Posted on theTyee.ca on June 7, 2004
It’s not whether George W. Bush measures up to Ronald Reagan. It’s that too many Americans think Reagan’s legacy is worth celebrating.
By Daniel Gawthrop
[Editor’s note: Steve Burgess’s article comparing George W. Bush unfavourably to Ronald Reagan, on the occasion of Reagan’s death, drew a number of responses.]
Steve Burgess is a darned good humourist, and consistently so. Which is why I was a little disappointed by his thoughts on Ronald Reagan posted on The Tyee. Burgess’ comparison of Reagan and George W. Bush sets up a false dichotomy that, in its polite treatment of the Gipper, borders on the sentimental.
Burgess believes that “only the most blinkered and hard-headed of opponents could deny [Reagan’s] appeal”. I beg to differ. Unless you’re William F. Buckley or Robert Novak, getting the warm fuzzies about America’s 40th president requires a willing suspension of intellect. Reagan’s “sincerity and conviction”, after all, were defined by an almost bullying insistence on the primacy of the individual, his “optimism” by the philistine notion that sees all criticism as negative.
So the Great Communicator was a folksy backslapper who gave good soundbite. What’s to like about that?
Burgess describes Reagan as “a great figurehead for a newly optimistic America” and George W. Bush as “the opposite, a divisive figure” who “has redefined the Bully Pulpit with himself as head bully, the personification of ugly American arrogance.” I say that, without Ronald Reagan, we would have been spared George W. Bush; that the latter is entirely a product of the former and that “ugly American arrogance” is merely the end result of “a newly optimistic America” which, following the Gipper’s lead, has blindly pursued its self interest around the globe for the last quarter century without having a clue of, or giving much of a shit about, its impact on less “optimistic” folk.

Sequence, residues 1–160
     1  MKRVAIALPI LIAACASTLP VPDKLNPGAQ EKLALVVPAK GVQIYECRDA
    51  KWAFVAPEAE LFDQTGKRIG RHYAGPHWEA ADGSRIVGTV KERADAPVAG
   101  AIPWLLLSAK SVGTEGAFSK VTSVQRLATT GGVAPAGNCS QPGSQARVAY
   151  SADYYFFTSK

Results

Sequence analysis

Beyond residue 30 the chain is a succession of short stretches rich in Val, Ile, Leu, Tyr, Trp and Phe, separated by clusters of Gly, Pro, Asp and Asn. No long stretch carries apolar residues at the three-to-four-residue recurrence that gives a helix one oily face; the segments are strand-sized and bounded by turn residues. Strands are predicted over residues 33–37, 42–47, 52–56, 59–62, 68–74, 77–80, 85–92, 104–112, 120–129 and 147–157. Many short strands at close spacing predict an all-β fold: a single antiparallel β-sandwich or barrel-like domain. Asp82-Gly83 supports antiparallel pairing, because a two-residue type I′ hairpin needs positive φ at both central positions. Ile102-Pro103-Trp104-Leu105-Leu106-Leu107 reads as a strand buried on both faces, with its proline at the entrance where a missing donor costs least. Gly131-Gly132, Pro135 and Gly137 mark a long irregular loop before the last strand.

Jamboree of platitudes
Now, if that sounds a little “blinkered” or “hardheaded”, well, shoot me.
Obviously, I must be a voice in the wilderness. Ever since Saturday afternoon, when it was first learned that Reagan, 93, had succumbed to his 10-year battle with Alzheimer’s disease, the North American media have engaged in a jamboree of platitudes in which no superlative has gone unvoiced.
Historians and political pundits have been crediting Reagan with, among other things, reviving the U.S. economy, ending the Cold War and even restoring Americans’ belief in themselves. This despite the fact that Reagan’s tax-cutting policies and engorging of the military triggered the economy’s biggest nosedive in generations, that the Soviet Union was well on the road to collapse by its own hand when he broke bread with Gorbachev, and that sunny American optimism is a renewable resource that tends to be subject to twenty-year boom-and-bust cycles.
Reagan’s state funeral today, we’re told, is to be the largest ceremonial occasion in the U.S. capitol since the funeral of John F. Kennedy more than 40 years ago. This is quite an achievement even for Reagan, who—unlike Kennedy—managed to survive an assassin’s bullet. After all, the Gipper hadn’t exactly kept a high profile since leaving public office. For most of the past decade he’d been hovering in la-la land. After 1989, he was seldom seen in public. And during the final years of his presidency, he wasn’t exactly firing on all cylinders.